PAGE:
This election will determine state income tax policy for both individuals and corporations. There are two measures on the ballot.
This measure is a referral of State House Bill 2649, which would increase personal income taxes by adding a temporary tax bracket for individuals earning between $125,000 and $250,000 with a rate of 10.8% and a temporary tax bracket for individuals earning over $250,000 with a rate of 11%. These taxes expire January 1, 2012. HB 2649 also adds a new permanent tax bracket for individuals earning over $125,00 per year with a rate of 9.9% per year.*
According to Eugene School District 4J, Measure 66 would:
- Increase tax rates on the amount of taxable income over $250,000 for households ($125,000 for single filers) by 1.8 to 2 percentage points.
- Eliminate income taxes on the first $2,400 of unemployment benefits received in 2009.
- Provide approximately $472 million in funds currently budgeted for education, health care, public safety and other services.
Measure 67 is a referral of HB 3405, which would increase taxes on corporations. HB 3405 increases the corporate minimum tax from $10 to $150. It establishes a corporate minimum tax of 1/10 of 1% of sales, with a cap of $100,000. It adds a new tax bracket for corporations with taxable income over $250,000 with a rate of 7.9%. The rate for this tax bracket falls to 7.6% after January 1, 2011. After January 1, 2013 the bracket only applies to taxable income over $10 million dollars. HB 3405 also increases most business filing fees, and specifies that the proceeds will go to the general fund. The fee increases range from 50-100%.*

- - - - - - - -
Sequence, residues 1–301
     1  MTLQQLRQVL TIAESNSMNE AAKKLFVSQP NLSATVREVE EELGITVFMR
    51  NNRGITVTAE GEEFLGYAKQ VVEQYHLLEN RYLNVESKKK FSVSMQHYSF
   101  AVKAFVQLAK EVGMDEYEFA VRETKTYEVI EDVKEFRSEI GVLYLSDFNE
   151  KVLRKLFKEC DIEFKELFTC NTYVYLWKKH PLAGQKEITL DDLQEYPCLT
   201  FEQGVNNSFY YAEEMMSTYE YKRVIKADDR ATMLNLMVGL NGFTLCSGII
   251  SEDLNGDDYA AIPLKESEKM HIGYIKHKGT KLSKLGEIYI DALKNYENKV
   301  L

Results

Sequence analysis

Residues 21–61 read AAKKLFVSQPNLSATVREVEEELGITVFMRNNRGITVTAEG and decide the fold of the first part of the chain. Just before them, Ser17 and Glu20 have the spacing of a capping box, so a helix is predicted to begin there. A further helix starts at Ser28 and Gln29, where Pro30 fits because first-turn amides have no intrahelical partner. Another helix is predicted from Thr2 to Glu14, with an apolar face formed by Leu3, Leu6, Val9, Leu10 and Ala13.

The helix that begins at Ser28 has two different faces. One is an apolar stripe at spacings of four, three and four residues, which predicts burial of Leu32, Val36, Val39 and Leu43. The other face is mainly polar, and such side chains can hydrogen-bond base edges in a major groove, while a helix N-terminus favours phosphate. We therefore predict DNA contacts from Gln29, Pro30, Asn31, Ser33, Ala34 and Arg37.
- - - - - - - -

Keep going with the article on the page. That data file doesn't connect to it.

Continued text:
Again, referring to information provided by Eugene School District 4J, Measure 67 would:
- Raise the $10 corporate minimum tax:
- Most businesses would pay a minimum tax of $150.
- Corporations with over $500,000 in Oregon revenues would pay minimum tax of about 0.1% of Oregon revenues.
- Sole proprietors would not be impacted.
- Raise the tax rate for C corporations by 1.3% on profits over $250,000.
- Increase certain business filing fees.
- Provide approximately $255 million in funds currently budgeted for education, health care, public safety and other services.
These measures are opposed by well-funded interests, including the Associated General Contractors of America, Oregon Restaurant Association, and Oregon Chamber of Commerce. In other words, fat cats. That list of opponents is, in itself, powerful incentive to vote for the two measures. (Apparently, some local Portland rag wrote an op-ed in opposition, too. But who the hell reads newspapers nowadays? Particularly, corrupt, has-been newspapers that knuckle under to every blowhard that casts a stern glance in their direction.)
Please consider: When times were less difficult, when everyone was working and making money, it was often easier and less expensive to let piratical corporate entities have their way than to try to coerce them into doing the right thing and contributing to the communities off which they leech. But times have changed, haven't they?
Intel or Nike may not have been among the benefactors of the obscene (in retrospect) tax-payer funded bail-outs that were required to salvage our financial system. But they are members of the Oregon community. They profit from the publicly-funded infrastructure. They reap the benefits of having an educated population. And they have grown fat off Oregon labor.
I'm not inclined to feel an ounce of charity to these faceless corporate entities. Pony up, punks!
As far as the new tax brackets created for upper income individuals --we're in the stew, folks. Unemployment is high, the number of persons living in poverty is on the rise, and our schools which provide the best hope we have for a better future, are in dire need of funding. Folks, can't you see that we're all going to have to chip in if we're going to come out of this mess with a society that is worth saving?
Please join me in voting "yes" on Measures 66 and 67.
*Information courtesy of Salem-News.com Business/Economy Reporter Ersun Warncke.